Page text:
I read this book recently:
This book reminded my of a protocol issued by an NHS Board in Scotland:
As a doctor who tries his best to follow evidence-based medicine, I argued against this approach. I found that neither this NHS Board nor indeed NHS Scotland shared my concerns:
With the recent publication of the Care Standards for Older People, the Chair of Healthcare Improvement Scotland confirmed:
It would appear to me that this “screening instrument” has been relabelled by Healthcare Improvement Scotland.
The 4AT was developed and promoted as:
Recently the 4AT has been relabelled as:
The authors 4AT describe its key features:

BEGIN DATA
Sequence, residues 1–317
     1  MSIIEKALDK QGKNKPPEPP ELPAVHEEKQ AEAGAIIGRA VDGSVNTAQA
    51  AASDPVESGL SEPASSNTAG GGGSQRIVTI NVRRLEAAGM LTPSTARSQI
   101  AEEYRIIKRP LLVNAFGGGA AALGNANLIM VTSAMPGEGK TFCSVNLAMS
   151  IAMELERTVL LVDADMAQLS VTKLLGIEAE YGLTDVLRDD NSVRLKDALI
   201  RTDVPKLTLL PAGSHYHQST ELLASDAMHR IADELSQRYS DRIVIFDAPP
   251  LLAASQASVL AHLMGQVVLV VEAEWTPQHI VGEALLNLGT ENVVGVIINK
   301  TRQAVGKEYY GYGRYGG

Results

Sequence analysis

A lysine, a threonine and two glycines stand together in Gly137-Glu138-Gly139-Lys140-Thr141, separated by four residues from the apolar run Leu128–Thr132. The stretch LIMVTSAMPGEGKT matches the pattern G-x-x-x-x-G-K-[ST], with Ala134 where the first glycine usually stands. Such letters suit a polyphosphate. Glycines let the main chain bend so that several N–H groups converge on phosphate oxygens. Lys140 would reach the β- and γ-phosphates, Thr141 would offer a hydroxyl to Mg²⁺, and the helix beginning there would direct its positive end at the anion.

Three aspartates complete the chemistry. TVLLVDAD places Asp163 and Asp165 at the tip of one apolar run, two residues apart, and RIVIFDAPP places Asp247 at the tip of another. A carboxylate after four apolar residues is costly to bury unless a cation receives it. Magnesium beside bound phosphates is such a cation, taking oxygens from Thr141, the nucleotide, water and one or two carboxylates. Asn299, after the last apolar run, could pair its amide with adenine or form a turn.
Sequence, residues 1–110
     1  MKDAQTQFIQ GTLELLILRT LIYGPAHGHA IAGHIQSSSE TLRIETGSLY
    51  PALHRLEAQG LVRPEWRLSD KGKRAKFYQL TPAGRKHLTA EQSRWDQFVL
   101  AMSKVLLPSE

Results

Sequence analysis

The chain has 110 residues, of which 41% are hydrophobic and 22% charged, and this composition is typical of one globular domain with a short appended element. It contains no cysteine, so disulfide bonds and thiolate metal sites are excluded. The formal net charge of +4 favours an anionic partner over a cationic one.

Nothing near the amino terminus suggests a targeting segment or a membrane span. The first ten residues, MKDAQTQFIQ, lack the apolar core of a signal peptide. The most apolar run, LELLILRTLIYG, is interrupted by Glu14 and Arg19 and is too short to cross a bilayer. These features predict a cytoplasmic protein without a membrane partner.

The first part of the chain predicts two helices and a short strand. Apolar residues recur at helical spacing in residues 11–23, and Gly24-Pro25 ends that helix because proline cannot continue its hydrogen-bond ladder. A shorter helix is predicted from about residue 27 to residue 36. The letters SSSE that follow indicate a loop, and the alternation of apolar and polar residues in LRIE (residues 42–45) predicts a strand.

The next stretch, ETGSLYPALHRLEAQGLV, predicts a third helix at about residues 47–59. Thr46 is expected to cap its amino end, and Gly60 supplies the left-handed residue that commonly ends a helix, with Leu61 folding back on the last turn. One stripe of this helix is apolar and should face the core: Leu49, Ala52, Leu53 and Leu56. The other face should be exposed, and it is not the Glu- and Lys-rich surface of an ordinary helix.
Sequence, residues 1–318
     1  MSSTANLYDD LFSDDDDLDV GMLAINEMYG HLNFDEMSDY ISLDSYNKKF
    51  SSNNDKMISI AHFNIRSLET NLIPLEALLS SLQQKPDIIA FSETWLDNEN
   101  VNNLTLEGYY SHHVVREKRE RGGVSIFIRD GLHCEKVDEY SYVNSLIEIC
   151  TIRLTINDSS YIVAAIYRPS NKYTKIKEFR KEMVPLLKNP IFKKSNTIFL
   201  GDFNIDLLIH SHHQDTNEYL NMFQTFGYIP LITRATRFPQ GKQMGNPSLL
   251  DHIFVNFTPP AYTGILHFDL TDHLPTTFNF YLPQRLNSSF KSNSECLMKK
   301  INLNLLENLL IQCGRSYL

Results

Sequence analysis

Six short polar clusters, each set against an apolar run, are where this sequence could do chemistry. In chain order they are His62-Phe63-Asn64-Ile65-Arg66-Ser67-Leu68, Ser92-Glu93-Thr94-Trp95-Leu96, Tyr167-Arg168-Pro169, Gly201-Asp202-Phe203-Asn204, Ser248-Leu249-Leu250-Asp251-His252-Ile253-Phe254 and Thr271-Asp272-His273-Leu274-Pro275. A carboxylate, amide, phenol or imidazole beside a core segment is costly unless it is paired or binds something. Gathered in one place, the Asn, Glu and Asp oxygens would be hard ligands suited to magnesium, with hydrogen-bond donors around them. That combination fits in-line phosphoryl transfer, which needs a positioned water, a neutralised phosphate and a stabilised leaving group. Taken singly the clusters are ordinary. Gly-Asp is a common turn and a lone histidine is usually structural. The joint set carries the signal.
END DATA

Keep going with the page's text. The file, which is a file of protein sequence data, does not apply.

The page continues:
(1) “brevity” (takes less than 2 minutes”), and
(2) that “no special training is required”
I should confirm that I use rating scales with patients as part of my daily professional life.
However I would never start out with a rating scale. To me, that would seem most disrespectful.
Rating scales can add to wider medical understanding. This is why, despite my awareness of any intrinsic shortcomings, that I continue to feel that they can be helpful.
The 4AT has recently been re-branded an “assessment test”. The 4AT was promoted for several years, with the support of Healthcare Improvement Scotland, as a “screening tool”. The validation studies, still underway, describe the 4AT as a “screening” tool.